No Boots for Children

barefoot-on-a-limb-960x600What we take for granted these days! This little story tells of some hardships being endured in the 1930s in Blantyre, and how poverty affected some local families.

On 28th April 1933, newspapers reported, “Pleas of poverty were put forward eight Blantyre parents in Hamilton Sheriff Court on Monday, when they were charged with failing to comply with an attendance order issued by the Education Authority in respect of their children.

Their agent stated that they could not send their children to school without boots, and were unable to purchase these. They had all applied to the Education Committee for boots. An automatic scale operated by the Committee could not possibly meet all eventualities, and did not take into consideration the question of family. Mr Rhind, for the Education Committee, said the scale was considered to he very generous and had worked admirably. 

Sheriff McDonald said wished to give a warning to parents that children must be sent to school. “If I were the parent,” his Lordship continued. “I would carry the child to school and let the authorities see the circumstances of the child, so that I could not be blamed for not wishing it to be educated.” He continued the cases for one month to see if the children attend regularly. On his Lordship commenting that all the children were pupils of Joseph’s R.C. School, the respondents’ agent said that it was a Roman Catholic district and the people there were very poor. “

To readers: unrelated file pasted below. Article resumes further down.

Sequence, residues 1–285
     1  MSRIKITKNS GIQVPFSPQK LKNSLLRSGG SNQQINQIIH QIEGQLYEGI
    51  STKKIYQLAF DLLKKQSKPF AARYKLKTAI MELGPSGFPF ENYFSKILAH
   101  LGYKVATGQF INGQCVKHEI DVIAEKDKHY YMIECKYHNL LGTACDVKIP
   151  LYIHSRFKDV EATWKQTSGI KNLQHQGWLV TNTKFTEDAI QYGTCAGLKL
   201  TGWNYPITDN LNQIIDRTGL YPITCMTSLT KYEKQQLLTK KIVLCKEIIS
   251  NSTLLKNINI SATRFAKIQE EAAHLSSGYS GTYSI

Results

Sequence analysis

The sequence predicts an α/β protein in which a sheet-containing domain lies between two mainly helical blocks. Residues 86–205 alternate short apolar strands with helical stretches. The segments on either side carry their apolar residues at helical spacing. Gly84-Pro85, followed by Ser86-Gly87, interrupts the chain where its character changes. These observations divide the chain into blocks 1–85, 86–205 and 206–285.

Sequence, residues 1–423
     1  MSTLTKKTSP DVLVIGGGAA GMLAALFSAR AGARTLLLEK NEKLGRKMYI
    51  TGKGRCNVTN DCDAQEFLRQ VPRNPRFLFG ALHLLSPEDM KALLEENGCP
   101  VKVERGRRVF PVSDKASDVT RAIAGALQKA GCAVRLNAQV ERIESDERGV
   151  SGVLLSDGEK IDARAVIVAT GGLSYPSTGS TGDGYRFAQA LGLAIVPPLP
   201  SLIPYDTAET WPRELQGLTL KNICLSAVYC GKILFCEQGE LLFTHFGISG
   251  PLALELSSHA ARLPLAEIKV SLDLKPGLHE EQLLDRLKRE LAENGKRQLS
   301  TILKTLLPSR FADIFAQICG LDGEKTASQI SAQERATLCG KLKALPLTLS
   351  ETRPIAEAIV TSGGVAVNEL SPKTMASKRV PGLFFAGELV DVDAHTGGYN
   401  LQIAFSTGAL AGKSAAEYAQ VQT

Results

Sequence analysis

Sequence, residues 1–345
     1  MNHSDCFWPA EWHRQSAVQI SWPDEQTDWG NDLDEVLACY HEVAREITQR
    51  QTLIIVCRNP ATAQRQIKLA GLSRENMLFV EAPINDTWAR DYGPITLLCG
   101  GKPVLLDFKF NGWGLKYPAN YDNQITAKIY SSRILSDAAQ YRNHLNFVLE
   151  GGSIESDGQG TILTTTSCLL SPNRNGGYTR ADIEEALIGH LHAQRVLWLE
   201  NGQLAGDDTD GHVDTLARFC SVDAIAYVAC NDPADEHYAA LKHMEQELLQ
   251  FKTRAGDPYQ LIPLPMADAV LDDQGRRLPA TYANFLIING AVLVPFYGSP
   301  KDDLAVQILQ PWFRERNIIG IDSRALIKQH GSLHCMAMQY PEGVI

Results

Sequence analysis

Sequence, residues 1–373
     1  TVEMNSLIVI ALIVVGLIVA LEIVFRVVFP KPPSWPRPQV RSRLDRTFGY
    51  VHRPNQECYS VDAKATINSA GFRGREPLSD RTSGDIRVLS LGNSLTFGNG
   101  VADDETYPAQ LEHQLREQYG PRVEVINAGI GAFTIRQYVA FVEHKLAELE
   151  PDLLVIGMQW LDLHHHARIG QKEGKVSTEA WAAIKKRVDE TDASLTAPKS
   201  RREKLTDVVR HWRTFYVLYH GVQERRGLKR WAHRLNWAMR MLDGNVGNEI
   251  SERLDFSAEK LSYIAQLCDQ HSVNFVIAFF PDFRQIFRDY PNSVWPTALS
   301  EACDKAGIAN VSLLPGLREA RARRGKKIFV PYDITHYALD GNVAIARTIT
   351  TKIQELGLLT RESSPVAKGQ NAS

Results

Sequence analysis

On social media:

Moyra Lindsay My granny took my mum and got her Parish boots, with a P stamped on the back of them. When mums granny saw them she took her and bought her lace up boots and took the Parish ones back. My mum said she was so proud of them. Bare feet in the summer though!

Marian Maguire Yes what a way to stigmatise children, the immigrant Irish population were mostly miners, who had nothing and big families, so would have felt ashamed to not be able to shoe their children, everyone has things so differently today thank god.

Patricia Hutcheson Docherty Note, the judge had no children ” if I had children” then goes on to call the child ” it ” . The auld ejjit

Anne Mikolay How sad that they couldn’t afford shoes for their little ones.

Elaine Starrs I remember my father telling me that in his family on an icy winter morning only one child in the family went to school as they only had one pair of boots – there were 8 children !

Elaine Hunter My mum was the last of 6. She and her sister (next oldest) had shoes for school but the older brothers regularly went barefoot.

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